15 Easiest Radiohead Songs On Guitar

Radiohead’s musical legacy is defined by its unparalleled ability to push the boundaries of sound and emotion, creating intricate sonic landscapes that challenge both musicians and listeners. 

Often celebrated for their complex arrangements and thought-provoking lyrics, Radiohead’s catalog also contains a treasure trove of songs accessible to guitarists of all levels.

In addition to Thom York’s soaring vocals and the ethereal atmosphere of each song, one of Radiohead’s staples is the guitar. 

In this article, we delve into the more accessible side of Radiohead’s repertoire, uncovering 15 songs by the eccentric group that sometimes feature two and even three guitars in their haunting tunes.

From beloved acoustic classics to majestic, mellow melodies, there’s a Radiohead track for everyone. 

So grab both your acoustic and electric guitars, feel the vibes of this amazing band, and dive deep into this curated collection of Radiohead songs to play on guitar!

1. High and Dry

To begin with, we have this tune from the 1995 iconic Radiohead’s second studio album The Bends

This alternative rock ballad mainly consists of bright-sounding chords that can be easily played after some practice.

The intro involves some octave chords being their root in the 5th string. 

The progression is G# – F# – E and also play the higher open strings when strumming the chords.

The verses and choruses employ the same set of chords; F#11 which can be also understood as an A5/F#, then Asus2, and finally an E that includes its 4th note to add a different color.

Although this track presents two guitar solos, both are quite straightforward to play. 

The first one is played just on a single note and picks four notes and a simple slide.

Toward the end of the track, the second solo appears, it is played on the third string and likewise the intro, it also adds the open higher strings. 

As you can see, this is an easy piece to learn quickly, even if you are a beginner.


2. Fake Plastic Trees

Released in 1995 and included in the album The Bends, this smooth ballad featuring an acoustic guitar has earned its place as a fan favorite. 

Although it presents some variations on them, the song consists of just four simple chords.

Fake Plastic Trees opens right away with the verse which is made of a chord progression played twice. 

To play it, you have to strum an A open chord then add your pinky to play an Asus4 that serves as a passing note, and play a D7M(9)/F#.

To pay the D7M(9)/F# chord you can either use your index or thumb, the one is more comfortable for you. 

After that, you keep playing D7M(9)/F#, use an E as a passing note, and finally play a D9.

Next, you have to simply strike an A, a D9 again and that’s the progression you’ll have to play in the verse.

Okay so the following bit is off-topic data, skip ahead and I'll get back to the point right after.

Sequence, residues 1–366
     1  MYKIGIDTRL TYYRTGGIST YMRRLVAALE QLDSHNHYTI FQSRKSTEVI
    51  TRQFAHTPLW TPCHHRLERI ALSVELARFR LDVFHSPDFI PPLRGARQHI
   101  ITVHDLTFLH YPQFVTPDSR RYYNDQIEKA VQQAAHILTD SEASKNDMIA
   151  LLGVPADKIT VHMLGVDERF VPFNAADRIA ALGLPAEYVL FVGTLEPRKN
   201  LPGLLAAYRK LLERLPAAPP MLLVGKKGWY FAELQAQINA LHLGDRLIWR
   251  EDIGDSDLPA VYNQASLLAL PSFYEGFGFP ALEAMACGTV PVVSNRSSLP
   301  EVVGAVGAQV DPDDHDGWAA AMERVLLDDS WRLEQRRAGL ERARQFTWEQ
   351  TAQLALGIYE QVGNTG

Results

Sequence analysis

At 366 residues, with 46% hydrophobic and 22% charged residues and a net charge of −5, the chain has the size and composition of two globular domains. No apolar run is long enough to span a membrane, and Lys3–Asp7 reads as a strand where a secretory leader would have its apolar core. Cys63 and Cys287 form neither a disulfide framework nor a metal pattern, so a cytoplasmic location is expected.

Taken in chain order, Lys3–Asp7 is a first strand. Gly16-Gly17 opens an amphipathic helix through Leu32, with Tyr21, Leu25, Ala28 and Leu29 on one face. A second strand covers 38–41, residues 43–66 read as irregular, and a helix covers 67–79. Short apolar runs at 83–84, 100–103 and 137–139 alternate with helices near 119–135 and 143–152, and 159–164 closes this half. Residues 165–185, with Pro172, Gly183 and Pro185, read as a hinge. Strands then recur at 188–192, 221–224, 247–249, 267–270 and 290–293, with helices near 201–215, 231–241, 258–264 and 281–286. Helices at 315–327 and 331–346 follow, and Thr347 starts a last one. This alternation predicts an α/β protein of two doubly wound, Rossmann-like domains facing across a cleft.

Toward the end of the second time, while playing D9 you must add the fourth fret in the fifth string to play a D9/C# which leads you to the following section.

What comes next is the chorus, just Bm and A played twice. 

Now, you only should learn the structure of the track because that’s it.

I recommend you listen to the song to get the hang of the strumming pattern, which can be tricky at first. 

However, if you still find it hard to learn, take a look at the guitar lesson below!


3. Creep

Needless to say, Creep is undoubtedly Radiohead’s best-known track and a rock anthem of all time. 

Released in 1992 as a single and later included in the band’s debut album Pablo Honey.

Apart from being Radiohead’s staple song, this smooth, heartbreaking ballad is such a simple track to play. 

I’d bet that almost every guitar player knows how to play this famous piece.

This iconic track follows the chord progression G – B – C – Cm from beginning to end. 

The most common way to strum this harmonic line is using barre chords but you can play cowboy chords, power chords, or whatever you prefer.

Besides, is a great track to sing along with because it doesn’t present any changes. 

In short, a popular song perfect to play at gatherings and chant in a group of friends.


4. Karma Police

As you may notice, most Radiohead songs include acoustic rhythmic guitars and Karma Police is no exception. 

Released in 1997 as part of their album OK Computer, this tune is perfect for mastering a broad range of open chords and their variants.

Written on Am key, the track’s intro comprises a succession of cowboy chords which can be divided into two sections. 

The first part consists of two bars: the first Am – D/F# (you can use your thumb) – Em – G and the second Am – F – Em – G.

In the second section, things change a bit because the first part follows the same tempo as the previous bars playing A – D but then it plays G – D/F# – C – Em/B, adding more chords and dividing the measures in half. 

The remaining bar consists of Am played for two measures and then Bm and D.

It may sound hard but let me tell you is easy to understand when you grab your guitar and begin to strum the chord progression. 

That same progression is played along with the verse, not variations at all.

Toward the chorus, everything becomes easier, four bars of chords being the first two the sequence C – D – G – F#7, the third one  C – D – G, and the last one Bm – C – Bm – D. 

The remaining section it is used in the bridge, the instrumental section, and the outro.

It simply employs a new chord progression: the first bar is Bm – D – G – D and the second is G – D – E7 – E7. 

Just like we’ve mentioned in Fake Plastic Trees, it’s important to get into the tempo of the track but once you can follow it, you will learn to play this piece faster than you think.


5. No Surprises


6. True Love Waits


7. Lurgee


8. Lucky

Chords + Tabs

9. 15 Step


10. How To Disappear Completely


11. Reckoner


12. Just

Chords + Tabs

13. Separator


14. Give Up The Ghost


15. Sulk